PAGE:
Compare Yourself to Who You Were Yesterday, Not to Who Someone Else Is Today.

Becoming a Better Sales Rep — Post #40


I always like to talk about personal development topics before the weekend. I think it’s important to sit with topics like this for some time. Rather than taking immediate action, these things require one to think about them for a little while because you need to understand them in your very own way.

So, this being said, let’s talk about how we compare ourselves to others. In the highly competitive sales world where everybody is consistently evaluated and compared, most of us never really learn how to go about comparing ourselves in a systematic and helpful way because measures and approaches are oftentimes forced on us and we just tend to accept them.

However, in this blog post, I want to talk about a more healthy approach to comparing yourself and setting yourself up for continuous growth.

Photo by Emmanuel Ikwuegbu on Unsplash

A Short Anecdote from My Life.

During my undergrad, I wanted to be a management consultant. And, I wanted it really badly. But having double-majored in chemistry and business, I didn’t really have the time to do internships while in college or to do a semester abroad. But all the people I knew who landed consulting internships had both on their resumé: relevant internships and exchange semesters.

So, I felt like a failure. Like, I wasn’t even good enough to get an internship in my dream job. And, if I can’t even get an internship, how will I get a job? And, if I can’t get a job, what’s the point of all of this?

Then, one day, I got the chance to talk to a consultant at The Boston Consulting Group. He was a graduate from my school and he himself had completed the same double major that I was doing at the time. And, while we were talking, I told him about my concerns and he just said:

“Don’t compare yourself to people who have chosen massively different paths or are just further down the road.”

And, all of a sudden things started making sense. I was comparing myself to people who were doing only one major in business and, of course, they had the time to do internships. But, I was spending my time earning practical experience in Chemistry. And, some other people I was comparing myself to were simply two years older than me and had more time and opportunities to squeeze in an internship or semester abroad.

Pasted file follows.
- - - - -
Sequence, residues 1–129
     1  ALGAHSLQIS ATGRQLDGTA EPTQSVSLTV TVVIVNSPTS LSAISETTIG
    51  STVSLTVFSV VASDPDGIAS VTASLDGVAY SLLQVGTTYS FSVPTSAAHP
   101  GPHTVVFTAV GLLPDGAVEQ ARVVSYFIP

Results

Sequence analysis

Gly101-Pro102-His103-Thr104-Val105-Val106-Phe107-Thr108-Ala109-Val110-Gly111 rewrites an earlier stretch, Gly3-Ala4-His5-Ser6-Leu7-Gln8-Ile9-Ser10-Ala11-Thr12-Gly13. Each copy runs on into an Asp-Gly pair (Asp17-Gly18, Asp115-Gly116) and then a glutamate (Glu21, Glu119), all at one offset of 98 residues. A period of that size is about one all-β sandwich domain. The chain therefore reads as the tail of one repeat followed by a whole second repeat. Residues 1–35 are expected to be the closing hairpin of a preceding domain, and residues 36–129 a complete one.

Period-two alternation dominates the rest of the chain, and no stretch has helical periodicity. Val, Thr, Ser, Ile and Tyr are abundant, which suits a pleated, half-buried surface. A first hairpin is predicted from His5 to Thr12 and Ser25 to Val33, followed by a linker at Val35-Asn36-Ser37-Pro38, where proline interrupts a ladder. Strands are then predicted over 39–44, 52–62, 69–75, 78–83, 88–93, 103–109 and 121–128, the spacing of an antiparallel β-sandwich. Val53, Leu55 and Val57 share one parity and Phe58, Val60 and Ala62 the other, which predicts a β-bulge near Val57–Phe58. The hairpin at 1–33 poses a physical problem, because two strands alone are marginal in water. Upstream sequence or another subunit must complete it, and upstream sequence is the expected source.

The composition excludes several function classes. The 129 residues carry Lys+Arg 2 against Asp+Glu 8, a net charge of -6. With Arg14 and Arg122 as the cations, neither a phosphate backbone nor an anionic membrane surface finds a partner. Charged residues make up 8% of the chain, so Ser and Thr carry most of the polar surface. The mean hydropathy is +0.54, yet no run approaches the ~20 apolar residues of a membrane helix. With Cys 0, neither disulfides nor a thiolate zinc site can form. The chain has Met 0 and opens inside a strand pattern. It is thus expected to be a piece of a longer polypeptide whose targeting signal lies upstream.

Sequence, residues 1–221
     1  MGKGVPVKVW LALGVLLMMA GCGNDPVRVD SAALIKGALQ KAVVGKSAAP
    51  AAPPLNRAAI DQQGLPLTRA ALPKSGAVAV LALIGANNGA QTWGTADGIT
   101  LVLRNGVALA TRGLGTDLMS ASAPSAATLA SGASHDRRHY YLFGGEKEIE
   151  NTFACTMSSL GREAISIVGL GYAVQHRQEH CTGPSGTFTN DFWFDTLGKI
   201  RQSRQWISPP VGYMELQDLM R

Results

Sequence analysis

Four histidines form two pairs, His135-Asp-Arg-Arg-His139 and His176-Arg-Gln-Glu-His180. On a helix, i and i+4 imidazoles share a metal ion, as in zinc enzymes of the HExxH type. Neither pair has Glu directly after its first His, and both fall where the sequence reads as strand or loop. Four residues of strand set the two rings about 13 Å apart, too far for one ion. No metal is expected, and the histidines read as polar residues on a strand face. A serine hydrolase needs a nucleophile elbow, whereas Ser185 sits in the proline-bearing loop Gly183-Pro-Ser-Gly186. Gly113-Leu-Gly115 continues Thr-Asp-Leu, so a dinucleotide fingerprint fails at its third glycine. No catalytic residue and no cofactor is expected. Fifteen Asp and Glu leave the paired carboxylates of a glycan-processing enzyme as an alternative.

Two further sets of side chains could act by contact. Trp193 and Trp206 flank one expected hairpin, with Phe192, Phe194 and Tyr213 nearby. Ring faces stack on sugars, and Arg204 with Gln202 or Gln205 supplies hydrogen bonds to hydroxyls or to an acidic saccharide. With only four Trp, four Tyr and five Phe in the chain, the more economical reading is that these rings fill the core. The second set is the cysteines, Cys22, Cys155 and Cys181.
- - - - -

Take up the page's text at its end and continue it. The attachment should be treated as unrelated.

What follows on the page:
Now, just six years later, I graduated with a degree in both chemistry and business, led three student organizations, wrote my bachelor’s thesis abroad, took a gap year to do three internships in consulting (where I discovered that it’s not for me), started my own company in Canada (which I successfully failed), graduated with a degree from Harvard, earned three years of full-time work experience, and am currently starting my second company which seems to go very well.

Teddy from 2015 would have never seen this coming. And, I’m sure it’s the same for you. Heck, I don’t even see myself being successful five years from now.

But, I know six-years-ago Teddy would be very proud of today Teddy

Photo by Markus Spiske on Unsplash

Why You Shouldn’t Compare Yourself to Others.

First, I’m not saying that you shouldn’t have idols. I’m also not saying that it’s bad to strive to learn from others. It’s more about the general mindset and the “how” you deal with looking at these people.

So, let’s take a look at why you shouldn’t compare yourself to others too much:

  1. You’re Not Them: And this is good. Imagine a world where everybody would be the same. Everything would be boring and predictable. And, not being them has a way bigger implication on your professional development. Most likely, you won’t have made the same experiences as other individuals and you will have differences in your personality. So, you can always only compare outcomes. But the important thing is not where people are (outcomes) but how they got there (processes). With different circumstances in everybody’s lives, it just simply doesn’t make sense to compare oneself to others. No matter who you compare yourself to, if it’s a wholistic comparison you’ll always be comparing apples to pears.